The Shocking Wall Street Secret That The Industry Would Rather Keep Hidden

Wall Street doesn't want the public to know that it's not very good at forecasting the future state of the economy.

By Jennifer Hollohan | Published

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All eyes are on Wall Street this week as investors eagerly await news of how the year will finish. Unfortunately, the flurry of stock market activity cannot hide the fact that Wall Street struggles in one key area. It is terrible about making future predictions.

After every quarter closes, businesses compare their financial performance against Wall Street predictions. Sometimes they are off by a little, and sometimes they are off by a lot. But no one really discusses the elephant in the room.

Wall Street analysts are not good at making sweeping financial predictions. And there is no better way to showcase that than by looking at the annual forecast released every December. CNN took a deep dive into the projected 2023 numbers, and what this year’s performance looked like. 

And what they found was quite telling. “Over the previous 20 years (2002 – 2021), the average difference between the target price estimates by industry insiders at the beginning of the year and the final price for the index for that same year has been 8.3%, according to a FactSet report.” That may feel like a significant gap, but it doesn’t even hold a candle to this year’s news.

This year, forecasters may miss the mark by close to 40%. But what mark is that, exactly? The S&P 500.

Every December, analysts make their predictions for the S&P 500 performance the following year. “Last year, Goldman Sachs analysts predicted that the S&P 500 would close out 2022 at 5,100 points. Morgan Stanley predicted a more bearish 4,400. The S&P 500 closed on Tuesday at 3,829.”

We do still have a few days left in trading, however. And most years, that would be a good thing. The week between Christmas and New Year’s typically sees a big rally to help Wall Street end the year positively.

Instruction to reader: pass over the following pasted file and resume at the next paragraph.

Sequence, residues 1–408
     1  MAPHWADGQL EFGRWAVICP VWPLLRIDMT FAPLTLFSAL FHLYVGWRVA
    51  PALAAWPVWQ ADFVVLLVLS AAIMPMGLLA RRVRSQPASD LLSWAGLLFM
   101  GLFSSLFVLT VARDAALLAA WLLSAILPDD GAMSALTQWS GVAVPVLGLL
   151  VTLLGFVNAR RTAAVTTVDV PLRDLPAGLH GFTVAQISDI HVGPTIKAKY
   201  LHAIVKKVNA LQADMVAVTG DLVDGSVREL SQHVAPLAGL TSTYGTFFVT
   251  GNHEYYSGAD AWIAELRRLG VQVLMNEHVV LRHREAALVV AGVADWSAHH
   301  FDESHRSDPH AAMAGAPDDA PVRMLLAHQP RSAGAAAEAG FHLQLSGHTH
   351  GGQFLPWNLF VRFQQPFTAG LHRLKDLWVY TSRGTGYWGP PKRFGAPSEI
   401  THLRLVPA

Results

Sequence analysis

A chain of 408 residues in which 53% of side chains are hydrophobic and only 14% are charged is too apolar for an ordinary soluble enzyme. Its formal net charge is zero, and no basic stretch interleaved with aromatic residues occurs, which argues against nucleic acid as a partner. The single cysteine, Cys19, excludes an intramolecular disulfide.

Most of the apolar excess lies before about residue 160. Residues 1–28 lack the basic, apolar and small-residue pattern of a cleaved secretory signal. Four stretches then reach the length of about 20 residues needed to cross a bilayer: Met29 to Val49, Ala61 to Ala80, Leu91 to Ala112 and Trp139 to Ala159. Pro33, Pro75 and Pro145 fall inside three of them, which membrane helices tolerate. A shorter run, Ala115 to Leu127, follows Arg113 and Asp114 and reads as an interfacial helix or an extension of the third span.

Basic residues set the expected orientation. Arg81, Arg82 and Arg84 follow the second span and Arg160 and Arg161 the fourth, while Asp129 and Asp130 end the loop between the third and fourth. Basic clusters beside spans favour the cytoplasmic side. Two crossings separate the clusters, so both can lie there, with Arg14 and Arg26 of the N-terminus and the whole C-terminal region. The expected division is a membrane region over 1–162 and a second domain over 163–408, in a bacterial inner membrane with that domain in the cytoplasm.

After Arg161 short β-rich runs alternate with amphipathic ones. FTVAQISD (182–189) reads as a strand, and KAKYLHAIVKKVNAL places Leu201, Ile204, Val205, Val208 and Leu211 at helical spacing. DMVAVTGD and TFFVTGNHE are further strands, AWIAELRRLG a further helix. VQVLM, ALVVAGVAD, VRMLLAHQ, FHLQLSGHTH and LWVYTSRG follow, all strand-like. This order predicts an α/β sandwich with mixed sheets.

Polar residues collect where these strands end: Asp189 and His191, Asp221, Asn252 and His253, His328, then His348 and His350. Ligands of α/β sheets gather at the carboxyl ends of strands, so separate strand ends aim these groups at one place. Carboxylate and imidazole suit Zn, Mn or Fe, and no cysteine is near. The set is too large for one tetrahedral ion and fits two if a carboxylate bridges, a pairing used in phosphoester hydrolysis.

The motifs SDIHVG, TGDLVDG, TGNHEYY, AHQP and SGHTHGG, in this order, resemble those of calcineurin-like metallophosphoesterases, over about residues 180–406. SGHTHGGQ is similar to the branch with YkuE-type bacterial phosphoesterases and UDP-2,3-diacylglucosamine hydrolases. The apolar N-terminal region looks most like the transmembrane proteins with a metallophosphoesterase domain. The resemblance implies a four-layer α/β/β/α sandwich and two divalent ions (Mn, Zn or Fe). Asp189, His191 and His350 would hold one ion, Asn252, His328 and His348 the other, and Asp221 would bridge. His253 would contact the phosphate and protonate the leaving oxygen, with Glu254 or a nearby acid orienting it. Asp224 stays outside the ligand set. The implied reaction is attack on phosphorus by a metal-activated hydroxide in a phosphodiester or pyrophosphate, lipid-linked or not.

But this year, the news doesn’t look so good. Tuesday, the market opened its short week with a loss. With only a few days left of the year, it does not look like the stock market will close the gap between prediction and reality.

Despite that, Wall Street analysts believe we will turn a corner in the new year. Many feel that inflation will ease, any recession will be minor, and we will recover before the end of the year. Even so, they offer some conservative forecasts for 2023.

Goldman Sachs and Bank of America expect the S&P 500 to finish around 4,000. JP Morgan expects more optimistic news. Its analysts predict it will hit 4,200.

But two other groups are not so optimistic. Citi’s forecast is only 3,900. And Barclays predicts an even worse year, with the S&P 500 finishing at 3,725. 

The chief global strategist at Barings, Christopher Smart, urges caution. He said, “As they take stock of this year, investors should strike a certain sense of humility as they peer into next.” But time will tell if Smart provided words of wisdom.

No one could have accurately predicted the wars or major geopolitical upheavals we saw this year. And the news cycle has a direct impact on Wall Street’s daily performance. If you are an investor, keep a watchful eye on the market in the new year, just in case.